By Tyler Plosia
Early in the first act of The Master Builder, Halvard Solness, the play’s titular character, asks: “Do you want to hear a weird story?” The audience reaction at this point in the play might act as a barometer for how the rest of the performance is going to go. But even more than that, the moment serves as an indicator for how those in the production have approached the play’s duplicitous script. At BAM’s Harvey Theater, John Turturro is asking Solness’s question, and everyone else seems to want to ask it as well.
Playwright Henrik Ibsen is maybe most referenced in conversations about the emergence of realism in theater. I’ve even heard “hyperrealism” used to describe his work, in part because his dialogue often embraces the conversational aimlessness that typifies everyday speech. And while the script of The Master Builder is in some ways no exception, director Andrei Belgrader and the rest of his crew made a point to move beyond the usual bland flatness of realism and enter some new realm, one in which the world of the play is partially defined by the ability of individuals to will their futures into existence.
The weird story Halvard Solness tells is about Kaja, a young woman who works as his bookkeeper, and Ragnar, an apprentice of his whom he wants to prevent from leaving. Solness claims that one night in the not-so-distant past, the night he met Kaja for the first time, he quietly devised a plan. He realized he could keep Ragnar from leaving him if Kaja would come to work for him as well because his apprentice showed an obvious attraction to her. But then the very next day, Solness claims, Kaja offered to work for him – without Solness speaking a word of his plan to her. This presentation of perceived mysticism introduces a recurring concern of Solness’s (less than a few moments later, he portends “youth knocking on his door” and a young new muse bangs from outside).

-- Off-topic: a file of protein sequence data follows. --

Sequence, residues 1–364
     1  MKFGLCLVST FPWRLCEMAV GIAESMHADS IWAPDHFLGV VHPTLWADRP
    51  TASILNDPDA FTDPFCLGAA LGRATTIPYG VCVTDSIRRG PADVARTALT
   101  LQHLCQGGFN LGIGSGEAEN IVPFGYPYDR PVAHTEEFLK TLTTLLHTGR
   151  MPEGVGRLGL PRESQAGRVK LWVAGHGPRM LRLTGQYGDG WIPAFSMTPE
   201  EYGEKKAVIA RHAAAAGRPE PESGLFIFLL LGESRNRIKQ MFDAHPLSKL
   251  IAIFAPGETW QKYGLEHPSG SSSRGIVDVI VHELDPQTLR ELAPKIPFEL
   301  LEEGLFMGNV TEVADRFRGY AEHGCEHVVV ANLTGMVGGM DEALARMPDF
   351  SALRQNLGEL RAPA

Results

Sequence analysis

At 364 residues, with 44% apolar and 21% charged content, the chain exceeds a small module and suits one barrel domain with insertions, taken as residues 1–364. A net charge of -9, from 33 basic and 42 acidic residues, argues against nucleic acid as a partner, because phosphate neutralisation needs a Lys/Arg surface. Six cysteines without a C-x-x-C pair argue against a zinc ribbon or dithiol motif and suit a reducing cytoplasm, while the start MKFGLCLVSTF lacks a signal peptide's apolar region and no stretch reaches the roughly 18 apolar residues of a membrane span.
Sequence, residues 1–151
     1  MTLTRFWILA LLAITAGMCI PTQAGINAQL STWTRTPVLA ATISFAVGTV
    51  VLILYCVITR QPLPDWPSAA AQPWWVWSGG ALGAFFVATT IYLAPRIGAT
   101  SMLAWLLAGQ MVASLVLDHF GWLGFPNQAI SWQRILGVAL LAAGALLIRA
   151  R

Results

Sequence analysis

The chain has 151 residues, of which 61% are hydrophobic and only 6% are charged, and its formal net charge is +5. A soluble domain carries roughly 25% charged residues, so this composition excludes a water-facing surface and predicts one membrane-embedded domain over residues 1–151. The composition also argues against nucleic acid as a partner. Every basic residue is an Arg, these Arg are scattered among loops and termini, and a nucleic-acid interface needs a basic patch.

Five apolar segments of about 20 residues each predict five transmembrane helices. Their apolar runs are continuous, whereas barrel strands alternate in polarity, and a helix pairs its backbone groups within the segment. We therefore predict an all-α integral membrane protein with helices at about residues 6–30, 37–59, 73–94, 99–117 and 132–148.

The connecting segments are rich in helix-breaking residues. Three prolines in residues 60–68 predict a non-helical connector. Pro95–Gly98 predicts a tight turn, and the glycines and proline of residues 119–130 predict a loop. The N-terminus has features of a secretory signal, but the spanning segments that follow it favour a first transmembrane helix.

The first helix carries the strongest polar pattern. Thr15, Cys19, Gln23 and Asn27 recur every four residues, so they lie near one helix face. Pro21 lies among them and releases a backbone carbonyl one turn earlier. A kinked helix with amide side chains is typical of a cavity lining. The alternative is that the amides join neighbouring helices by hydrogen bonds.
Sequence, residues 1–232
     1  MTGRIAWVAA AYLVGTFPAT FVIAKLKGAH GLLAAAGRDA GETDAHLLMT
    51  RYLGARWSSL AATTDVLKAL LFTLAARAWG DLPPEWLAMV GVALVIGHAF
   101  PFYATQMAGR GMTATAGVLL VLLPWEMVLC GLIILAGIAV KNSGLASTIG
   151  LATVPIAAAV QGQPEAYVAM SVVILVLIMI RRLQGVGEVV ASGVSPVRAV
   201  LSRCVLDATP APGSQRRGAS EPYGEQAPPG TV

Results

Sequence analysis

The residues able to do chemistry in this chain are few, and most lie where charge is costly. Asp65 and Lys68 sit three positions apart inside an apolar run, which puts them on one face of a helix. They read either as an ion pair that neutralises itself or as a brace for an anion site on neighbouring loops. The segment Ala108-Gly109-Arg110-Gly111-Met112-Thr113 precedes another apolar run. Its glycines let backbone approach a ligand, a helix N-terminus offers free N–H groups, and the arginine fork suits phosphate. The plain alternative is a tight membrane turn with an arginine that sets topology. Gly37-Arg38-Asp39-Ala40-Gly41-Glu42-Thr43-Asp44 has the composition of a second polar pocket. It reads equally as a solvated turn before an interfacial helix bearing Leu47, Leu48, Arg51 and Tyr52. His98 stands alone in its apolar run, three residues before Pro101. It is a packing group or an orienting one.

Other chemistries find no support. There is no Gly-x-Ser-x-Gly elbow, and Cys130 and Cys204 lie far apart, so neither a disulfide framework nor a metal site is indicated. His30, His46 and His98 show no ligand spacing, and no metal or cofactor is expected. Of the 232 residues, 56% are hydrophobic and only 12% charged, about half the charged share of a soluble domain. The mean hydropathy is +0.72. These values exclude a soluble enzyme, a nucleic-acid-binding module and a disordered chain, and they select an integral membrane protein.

As Halvard Solness, Turturro plays a belief in the unbelievable with convincing sincerity. His character questions whether or not he is delusional. He questions whether those around him think he’s crazy. But he also seems to very firmly believe that some people – including himself – can wish for things and they’ll come to fruition, with nothing other than silent desire as their cause. In a production plagued by tropes of hyperrealism, Solness would be portrayed as mad. Those around him would agree, both the supporting cast (the sane ones, anyway) and the members of the audience. But in this production, there is something else going on. Solness might actually be right. It may be that in the world of The Master Builder, thought can materialize. And if such a distinctly unreal reality can be so readily believed by an audience, what else can we be convinced of?
Ibsen’s name will always be attached to realism, a movement which presumes to reflect upon modern conditions by mimicking them onstage. The Master Builder (at least at as it’s being presented at BAM) is evidence that Ibsen’s work can function as another type of theater as well, one where our reality is questioned by the dramatic suggestion of another.
Through June 9th at the Harvey Theater, Brooklyn Academy of Music.